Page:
In the previous article of the series we explained how to make a custom call notification on Android? This time we’ll talk about the picture-in picture mode.
In recent years, smartphones have become increasingly close to computers in terms of functionality, and many are already replacing the PC as their primary tool for work. The advantage of personal computers was multi-window capability, which remained unavailable on smartphones. But with the release of Android 7.0, this began to change and multi-window support appeared.
It’s hard to overestimate the convenience of a small floating window with the video of the interlocutor when the call is minimized — you can continue the dialogue and simultaneously take notes or clarify some information. Android has two options for implementing this functionality: support for the application in a floating window and a picture-in-picture mode. Ideally, an application should support both approaches, but the floating window is more difficult to develop and imposes certain restrictions on the overall application design, so let’s consider picture-in-picture (PiP) on Android as a relatively simple way to bring multi-window support into your application.
Switching to PIP mode
Picture-in-picture mode is supported on most devices with Android 8 and above. Accordingly, if you support system versions lower than this, all PIP mode-related calls should be wrapped in the system version check:
The entire `Activity` is converted to PIP, and first you need to declare PIP support and that “Activity” handles configuration changes in `AndroidManifest.xml`:
Before using picture-in-picture it is necessary to make sure that the user’s device supports this mode, to do this we turn to the `PackageManager`.
After that, in its simplest form, the transition to picture-in-picture mode is done literally with one line:
But to go to it, you need to know when it is convenient for the user. You can make a separate button and jump when you click on it. The most common approach is automatic switch when the user minimizes the application during a call, such as using the Home or Recent button
Starting with Android 12, this behavior can be implemented by setting PictureInPictureParams with the setAutoEnterEnabled flag on the Activity:
On devices with Android 11 or lower, an activity must explicitly call enterPictureInPictureMode() in `Activity.onUserLeaveHint`:
Great, now our call screen automatically goes into picture-in-picture on Android! But there are often “end call” or “change camera” buttons, and they will not work in this mode. It’s better to hide them when transitioning.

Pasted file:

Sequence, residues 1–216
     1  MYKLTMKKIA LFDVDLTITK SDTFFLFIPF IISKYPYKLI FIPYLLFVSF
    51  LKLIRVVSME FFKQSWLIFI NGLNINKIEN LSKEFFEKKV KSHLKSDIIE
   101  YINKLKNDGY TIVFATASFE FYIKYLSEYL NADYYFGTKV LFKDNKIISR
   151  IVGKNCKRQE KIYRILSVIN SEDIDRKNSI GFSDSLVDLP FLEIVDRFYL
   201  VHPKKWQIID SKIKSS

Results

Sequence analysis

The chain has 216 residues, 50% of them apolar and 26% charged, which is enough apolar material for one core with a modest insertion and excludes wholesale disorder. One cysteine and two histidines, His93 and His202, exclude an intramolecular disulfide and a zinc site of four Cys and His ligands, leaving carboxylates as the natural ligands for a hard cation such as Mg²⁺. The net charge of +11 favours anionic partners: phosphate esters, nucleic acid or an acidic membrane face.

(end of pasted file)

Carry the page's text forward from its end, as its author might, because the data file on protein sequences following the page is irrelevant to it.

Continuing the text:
To track the transition to / from PIP mode, `Activity` and `Fragment` have a method `onPictureInPictureModeChanged`. Let’s redefine it and hide unnecessary interface elements
The PIP window is quite small, so it makes sense to hide everything except the interlocutor’s video, including the local user’s video — it will beThe PIP window is quite small, so it makes sense to hide everything except the interlocutor’s video, including the local user’s video — it will be too small to see anything there anyway.
The PIP window can be further customized by passing `PictureInPictureParams` in a call to `enterPictureInPictureMode`. There are not many customization options, but the option to add buttons to the bottom of the window deserves special attention. This is a nice way to keep the screen interactive despite the fact that the regular buttons stop working when the user activates the PIP mode.
The maximum number of buttons you can add depends on many factors, but you can always add at least three. All buttons over the limit simply won’t be shown, so it’s better to place the especially important ones at the beginning. You can find out the exact limit in the current configuration through the method `Activity`:
Let’s add an End call button to our PIP window. To start with, just like with notifications, we need a `PendingIntent`, which will be responsible for telling our application that the button has been pressed. If this is the first time you’ve heard of `PendingIntent’—you can learn more about them in our last article.
After that, we can start creating the actual button description, namely `RemoteAction`.
Our “action” is ready, now we need to add it to the PIP parameters and, subsequently, to the mode transition call.
Let’s start by creating a Builder for our customization parameters:
Starting with Android 8, you can define the area of the screen that will be displayed when Activity switches to PIP. You can do this with setSourceRectHint method:
In addition to the buttons and the visible area of the screen, through the parameters you can set the aspect ratio of the PIP features on Android or the animation of switching to this mode.
We have considered a fairly simple but very handy variant of using the multi-window feature to improve the user experience, learned how to add buttons to the PIP window on Android and adapt our interface when switching to and from this mode.
In the next article we’ll cover audio output switching for your Android calling apps on WebRTC.